intention to make this system part of a foundation that can hold the code
and allow other jurisdictions (or whomever, as I'd like it to be
modified-BSD) or even vendors to hack on it and produce downstream products.

San Francisco has also been working through how much of their voting system
they can open source, and have recently decided to focus first on a common
component (the election-night reporting software that people and
journalists reload constantly to get updated election results). I wrote
what I think was the first paper on the potential use of free and open
source software in voting applications in 2006 and it's part of my
thesis... the conclusion there still holds: voting is very different than
general purpose computing (these things are used infrequently and cannot be
easily updated legally as we don't want software that hasn't been reviewed
and tested running in live elections) and many of the goals we would like
to get from an open source licensing model or open source development model
(two different things) accrue from allowing and encouraging independent
expert security evaluation (as well as other properties), of which there
have been a number of such efforts including the 2007 California
Top-to-Bottom Review of Voting Systems and the 2007 Ohio EVEREST
(Evaluation and Validation of Election-Related Equipment, Standards and
Testing) Review.

And the best book out there on this whole mess I would argue is still the
wonderful tome by Doug Jones and Barbara Simons called "Broken Ballots"
that does a wonderful job of explaining why this is one of the hardest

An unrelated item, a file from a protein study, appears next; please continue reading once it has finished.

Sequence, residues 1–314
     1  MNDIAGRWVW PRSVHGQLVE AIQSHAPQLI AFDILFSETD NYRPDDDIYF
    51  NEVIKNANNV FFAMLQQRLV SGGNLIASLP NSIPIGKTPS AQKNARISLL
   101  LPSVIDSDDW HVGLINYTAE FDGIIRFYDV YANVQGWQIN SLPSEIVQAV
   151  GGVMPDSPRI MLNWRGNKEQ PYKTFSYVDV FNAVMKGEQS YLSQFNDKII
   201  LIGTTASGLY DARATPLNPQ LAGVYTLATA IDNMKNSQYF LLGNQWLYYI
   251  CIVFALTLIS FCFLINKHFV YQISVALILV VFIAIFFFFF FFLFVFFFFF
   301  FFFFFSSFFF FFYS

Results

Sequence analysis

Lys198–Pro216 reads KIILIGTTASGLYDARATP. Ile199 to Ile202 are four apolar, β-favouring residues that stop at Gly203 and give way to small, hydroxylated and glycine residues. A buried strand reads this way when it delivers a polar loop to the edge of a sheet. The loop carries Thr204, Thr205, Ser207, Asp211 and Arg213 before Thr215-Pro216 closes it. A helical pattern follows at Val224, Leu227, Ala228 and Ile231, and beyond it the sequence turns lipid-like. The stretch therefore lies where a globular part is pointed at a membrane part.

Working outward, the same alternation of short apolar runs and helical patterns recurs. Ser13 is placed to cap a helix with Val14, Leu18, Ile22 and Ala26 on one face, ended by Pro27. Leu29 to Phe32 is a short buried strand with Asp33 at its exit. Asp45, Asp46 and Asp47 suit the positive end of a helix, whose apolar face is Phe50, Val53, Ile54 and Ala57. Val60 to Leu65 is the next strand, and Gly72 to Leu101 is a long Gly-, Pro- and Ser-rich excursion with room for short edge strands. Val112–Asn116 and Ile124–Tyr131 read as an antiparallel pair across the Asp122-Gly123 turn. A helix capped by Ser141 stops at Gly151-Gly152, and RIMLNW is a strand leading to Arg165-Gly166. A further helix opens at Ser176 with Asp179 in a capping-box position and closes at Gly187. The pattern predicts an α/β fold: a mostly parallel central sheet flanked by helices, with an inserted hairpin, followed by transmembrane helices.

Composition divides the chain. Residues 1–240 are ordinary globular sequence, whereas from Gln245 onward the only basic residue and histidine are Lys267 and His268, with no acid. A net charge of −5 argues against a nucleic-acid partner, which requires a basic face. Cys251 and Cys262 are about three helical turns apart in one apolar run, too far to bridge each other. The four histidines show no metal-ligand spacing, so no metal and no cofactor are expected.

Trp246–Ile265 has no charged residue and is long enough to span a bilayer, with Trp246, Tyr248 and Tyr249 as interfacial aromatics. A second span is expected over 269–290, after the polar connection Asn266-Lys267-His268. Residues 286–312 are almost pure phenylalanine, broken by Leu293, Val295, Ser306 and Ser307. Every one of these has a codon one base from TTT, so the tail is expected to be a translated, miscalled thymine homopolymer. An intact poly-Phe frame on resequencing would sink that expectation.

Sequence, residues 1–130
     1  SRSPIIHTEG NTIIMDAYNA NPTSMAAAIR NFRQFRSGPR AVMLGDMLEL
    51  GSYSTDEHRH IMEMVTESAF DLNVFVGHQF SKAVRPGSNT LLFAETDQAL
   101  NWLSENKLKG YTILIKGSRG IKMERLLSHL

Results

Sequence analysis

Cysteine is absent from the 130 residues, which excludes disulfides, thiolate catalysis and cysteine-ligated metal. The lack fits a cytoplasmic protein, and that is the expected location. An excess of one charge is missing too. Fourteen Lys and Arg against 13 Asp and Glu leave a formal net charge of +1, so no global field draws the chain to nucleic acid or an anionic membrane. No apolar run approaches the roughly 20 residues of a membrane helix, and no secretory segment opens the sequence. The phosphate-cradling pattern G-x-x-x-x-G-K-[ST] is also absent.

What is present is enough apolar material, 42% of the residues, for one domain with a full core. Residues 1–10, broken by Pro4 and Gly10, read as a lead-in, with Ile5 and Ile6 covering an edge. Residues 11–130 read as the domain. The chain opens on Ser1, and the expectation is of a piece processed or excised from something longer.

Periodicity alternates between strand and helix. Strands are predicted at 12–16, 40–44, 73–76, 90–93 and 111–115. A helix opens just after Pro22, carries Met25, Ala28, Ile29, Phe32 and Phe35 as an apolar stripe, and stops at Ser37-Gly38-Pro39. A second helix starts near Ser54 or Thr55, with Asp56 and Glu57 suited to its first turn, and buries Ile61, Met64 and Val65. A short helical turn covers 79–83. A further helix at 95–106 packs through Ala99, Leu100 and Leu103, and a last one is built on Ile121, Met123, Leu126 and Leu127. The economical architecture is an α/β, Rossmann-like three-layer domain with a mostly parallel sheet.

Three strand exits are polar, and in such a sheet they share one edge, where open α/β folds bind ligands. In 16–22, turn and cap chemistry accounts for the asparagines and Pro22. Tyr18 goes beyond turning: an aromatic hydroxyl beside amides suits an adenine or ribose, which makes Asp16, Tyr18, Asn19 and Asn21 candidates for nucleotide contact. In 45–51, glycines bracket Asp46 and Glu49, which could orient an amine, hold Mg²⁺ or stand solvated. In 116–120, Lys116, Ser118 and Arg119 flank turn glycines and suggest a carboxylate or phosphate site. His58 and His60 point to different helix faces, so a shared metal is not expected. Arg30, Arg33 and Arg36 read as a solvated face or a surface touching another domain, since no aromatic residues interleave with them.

problems in sociotechnical systems, and one that we could use good minds to
help out with... but very much ones that are ready to dig into the
complexity and understand how complex the context is:

https://www.amazon.com/Broken-Ballots-Center-Language-Information/dp/1575866366

Ok, I'll shut up now.

On Thu, Jul 19, 2018 at 6:04 AM Joseph Lorenzo Hall <joe at cdt.org> wrote:

> That is a great point and I'll send a short review with links later today.
> Take care, Joe
>
> On Thu, Jul 19, 2018 at 00:25 Yosem Companys <ycompanys at gmail.com> wrote:
>
>> Joe,
>>
>> No offense taken. But as an expert on this subject, you should suggest
>> some resources that list subscribers should read so they may be able to
>> sift through the media sensationalism.
>>
>> We're all experts at certain things and amateurs at others.
>> Unfortunately, we all don't have time to do extensive research on every
>> topic that affects our world. That's why we have intellectual communities
>> of experts to enlighten us.
>>
>> My understanding from having read a number of studies on voting machines
>> is that they're closed source, outdated, and riddled with vulnerabilities.
>> If that is true, then wouldn't a world that decided to use only voting
>> machines increase the likelihood of malicious hacking influencing voter
>> outcomes? I don't see how such a scenario doesn't jeopardize fair elections.
>>
>> I'm not saying that voting machines are better or worse than pen and
>> paper or punch ballots. God knows that there was a time in this country
>> when there were no secret ballots and political henchmen would beat you up
>> for not voting "appropriately." Such scenarios also jeopardized fair
>> elections and were outlawed thanks to the progressive movement.
>>
>> Thanks,
>> Yosem
>>
>> On Wed, Jul 18, 2018 at 8:58 PM, Joseph Lorenzo Hall <joe at cdt.org> wrote:
>>
>>> I'm quoted in the Zetter article, did my PhD at Berkeley hacking voting
>>> machines, have been working on this for fifteen years and this thread is
>>> already ridiculous after just two posts.
>>>
>>> Please take the opportunity to do your homework before thinking any of
>>> what you've written below is true.
>>>
>>> I know it sounds snarky for me to respond like I'm about to but Matt